The idea of the lesson is to develop a Socratic dialectic between teacher and student about evaporating water and clouds. The dialectic is not to reveal a priori knowledge but critical and analytical reflections on their daily experience of the water cycle. In tne process, students would come up with some answers to problems posed that could then be tested by devising a simple experiment. From the results of this simuiation, students would have an immediate experience from which to understand some of the dynamics of what happens when vast quantities of water rise up from the oceans tc the clouds. It is far more intellectually stimulating event than reading about it in a book.
Why would such a lesson plan not work? There is nothing wrong in principle but to realise its objective it needed much more than one or even two 50 minute classes. Cutting it down to one class meant that it became too teacher centered and students did not have time to learn from their own mistakes or achievements.
Creative lesson plans of the sort envioned by Dewey, it seems to me, may well take a week to achieve. Monday, can as it were, be the initiation and introduction, perhaps including a video. Tuesday and Wednesday can be used for briefing and getting ready for the exploration. Thursday is the day for the formal exploration or experiment. Friday then becomes the time for debriefing, integrating of ideas, evaluation and closure.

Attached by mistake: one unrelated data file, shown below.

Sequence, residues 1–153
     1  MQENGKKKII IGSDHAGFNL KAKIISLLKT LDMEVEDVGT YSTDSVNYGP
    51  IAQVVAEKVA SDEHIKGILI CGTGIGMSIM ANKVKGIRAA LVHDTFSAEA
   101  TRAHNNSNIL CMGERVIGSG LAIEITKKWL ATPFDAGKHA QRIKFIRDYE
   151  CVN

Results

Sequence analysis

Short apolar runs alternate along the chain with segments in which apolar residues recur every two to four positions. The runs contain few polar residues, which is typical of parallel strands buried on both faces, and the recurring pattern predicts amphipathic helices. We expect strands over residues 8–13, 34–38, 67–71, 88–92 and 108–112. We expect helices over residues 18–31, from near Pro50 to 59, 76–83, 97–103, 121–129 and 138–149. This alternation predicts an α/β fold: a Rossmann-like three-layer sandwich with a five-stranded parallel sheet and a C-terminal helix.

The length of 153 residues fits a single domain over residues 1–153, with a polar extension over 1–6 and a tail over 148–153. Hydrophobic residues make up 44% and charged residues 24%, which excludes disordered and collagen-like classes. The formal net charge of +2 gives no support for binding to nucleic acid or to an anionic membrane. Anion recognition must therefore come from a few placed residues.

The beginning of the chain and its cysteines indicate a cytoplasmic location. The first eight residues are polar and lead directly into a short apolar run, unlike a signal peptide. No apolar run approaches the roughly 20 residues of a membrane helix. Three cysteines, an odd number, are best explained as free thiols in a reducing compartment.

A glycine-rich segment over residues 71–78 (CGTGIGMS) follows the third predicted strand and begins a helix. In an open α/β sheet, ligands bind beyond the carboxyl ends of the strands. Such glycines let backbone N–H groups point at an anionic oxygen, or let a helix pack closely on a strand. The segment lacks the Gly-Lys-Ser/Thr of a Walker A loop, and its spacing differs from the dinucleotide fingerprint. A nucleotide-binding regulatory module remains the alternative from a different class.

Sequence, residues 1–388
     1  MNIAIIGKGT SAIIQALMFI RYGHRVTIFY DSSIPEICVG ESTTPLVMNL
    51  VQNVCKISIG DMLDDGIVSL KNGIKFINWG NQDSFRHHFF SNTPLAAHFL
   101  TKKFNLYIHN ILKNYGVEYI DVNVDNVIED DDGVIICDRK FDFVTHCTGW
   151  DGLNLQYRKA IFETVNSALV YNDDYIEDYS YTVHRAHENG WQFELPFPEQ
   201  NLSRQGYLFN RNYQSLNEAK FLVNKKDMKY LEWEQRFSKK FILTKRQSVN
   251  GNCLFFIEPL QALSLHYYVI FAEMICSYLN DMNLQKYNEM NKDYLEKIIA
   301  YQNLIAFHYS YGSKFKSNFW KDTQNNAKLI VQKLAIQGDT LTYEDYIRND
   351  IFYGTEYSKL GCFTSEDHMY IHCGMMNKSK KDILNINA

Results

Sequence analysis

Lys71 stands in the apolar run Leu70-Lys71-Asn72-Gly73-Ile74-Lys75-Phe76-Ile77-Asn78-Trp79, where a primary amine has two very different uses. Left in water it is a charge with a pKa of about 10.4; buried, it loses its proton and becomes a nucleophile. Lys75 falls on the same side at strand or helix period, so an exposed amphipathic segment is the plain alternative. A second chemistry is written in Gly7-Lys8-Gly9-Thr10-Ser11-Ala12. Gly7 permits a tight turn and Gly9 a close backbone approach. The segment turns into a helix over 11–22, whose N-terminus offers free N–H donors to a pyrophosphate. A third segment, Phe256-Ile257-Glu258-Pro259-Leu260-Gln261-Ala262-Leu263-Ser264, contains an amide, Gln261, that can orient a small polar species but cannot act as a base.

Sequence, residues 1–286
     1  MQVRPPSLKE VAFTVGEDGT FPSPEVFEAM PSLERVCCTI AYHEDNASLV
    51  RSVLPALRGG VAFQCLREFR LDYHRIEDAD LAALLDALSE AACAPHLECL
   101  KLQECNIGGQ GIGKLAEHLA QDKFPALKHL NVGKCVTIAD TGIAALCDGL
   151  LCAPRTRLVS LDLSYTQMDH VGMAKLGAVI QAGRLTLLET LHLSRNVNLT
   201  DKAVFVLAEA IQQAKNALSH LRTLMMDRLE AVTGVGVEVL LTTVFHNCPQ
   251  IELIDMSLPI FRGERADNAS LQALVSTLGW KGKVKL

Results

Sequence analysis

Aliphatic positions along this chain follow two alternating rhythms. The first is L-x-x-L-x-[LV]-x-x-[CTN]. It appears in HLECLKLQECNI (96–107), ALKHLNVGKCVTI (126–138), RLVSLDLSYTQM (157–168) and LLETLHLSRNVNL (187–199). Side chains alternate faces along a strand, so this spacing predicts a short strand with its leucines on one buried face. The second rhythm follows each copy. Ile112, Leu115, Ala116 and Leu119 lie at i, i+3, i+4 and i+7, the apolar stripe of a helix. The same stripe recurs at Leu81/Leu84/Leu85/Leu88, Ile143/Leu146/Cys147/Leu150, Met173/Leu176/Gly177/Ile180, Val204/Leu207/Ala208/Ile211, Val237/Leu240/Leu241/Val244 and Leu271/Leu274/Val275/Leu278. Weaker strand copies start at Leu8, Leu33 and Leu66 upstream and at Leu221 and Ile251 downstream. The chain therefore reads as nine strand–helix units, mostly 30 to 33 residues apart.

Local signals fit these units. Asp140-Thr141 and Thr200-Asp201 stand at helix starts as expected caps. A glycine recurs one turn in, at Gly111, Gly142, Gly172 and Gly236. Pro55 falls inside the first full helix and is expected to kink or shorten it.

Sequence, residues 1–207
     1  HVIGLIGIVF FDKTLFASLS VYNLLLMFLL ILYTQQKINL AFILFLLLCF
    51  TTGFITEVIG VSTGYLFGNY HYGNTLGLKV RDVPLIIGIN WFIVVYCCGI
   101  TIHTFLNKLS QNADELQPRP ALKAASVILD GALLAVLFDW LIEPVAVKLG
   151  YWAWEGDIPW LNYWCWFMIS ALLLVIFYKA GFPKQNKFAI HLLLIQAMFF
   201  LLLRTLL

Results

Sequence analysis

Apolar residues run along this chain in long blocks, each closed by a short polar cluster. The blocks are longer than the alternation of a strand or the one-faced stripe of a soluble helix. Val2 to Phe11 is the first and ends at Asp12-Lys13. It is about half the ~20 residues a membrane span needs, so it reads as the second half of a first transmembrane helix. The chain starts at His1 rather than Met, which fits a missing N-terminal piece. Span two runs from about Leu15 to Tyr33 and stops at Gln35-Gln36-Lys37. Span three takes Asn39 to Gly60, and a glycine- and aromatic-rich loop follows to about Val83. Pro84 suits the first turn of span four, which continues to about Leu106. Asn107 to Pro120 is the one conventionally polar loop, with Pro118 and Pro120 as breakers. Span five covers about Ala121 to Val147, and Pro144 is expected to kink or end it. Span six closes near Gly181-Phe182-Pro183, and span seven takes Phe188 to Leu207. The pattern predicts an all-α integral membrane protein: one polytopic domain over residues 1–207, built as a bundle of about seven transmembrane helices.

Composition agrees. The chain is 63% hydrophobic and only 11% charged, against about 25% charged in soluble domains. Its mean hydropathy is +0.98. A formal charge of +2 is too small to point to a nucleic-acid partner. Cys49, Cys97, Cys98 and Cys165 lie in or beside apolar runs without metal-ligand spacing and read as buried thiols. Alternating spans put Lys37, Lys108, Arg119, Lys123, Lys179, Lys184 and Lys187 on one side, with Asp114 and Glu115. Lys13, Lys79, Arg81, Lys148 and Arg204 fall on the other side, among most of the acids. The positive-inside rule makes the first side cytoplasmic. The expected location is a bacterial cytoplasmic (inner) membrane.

The problem with the initial lesson plan is that it did not anticipate or take into account the amount of orientation, planning, clarification of background ideas and prior experience needed by students to successfully ‘make the journey’. Furthermore, my most common problem was failure to have enough time to ‘debrief’, i.e. to critically reflect on what the results meant, which of course is the most important, and for my self, the most fun part of the whole enterprise. Had I done so, I would still have robbed myself of real satisfaction since students, (mine certainly), needed time to develop technique and time to reflect on the best way to set up an experiment. Their lack of technique severely diminished the likelihood of having good results. Pre-lab is then much more than just about intellectual discussion and anticipation of lab safety procedures.
The unportance of adding preparatory days helps give the student background from which to maximise their ability to learn from the lab experience. Building up that background does not mean that one merely passes on information but that one makes sure prior experiences and understandings of them are in place. It is recommended for this lesson plan that many simple problems and hypotheses be tested and experiments carried out so as to build up an understanding of transpiration, evaporation and so forth as described in the ‘94 unit.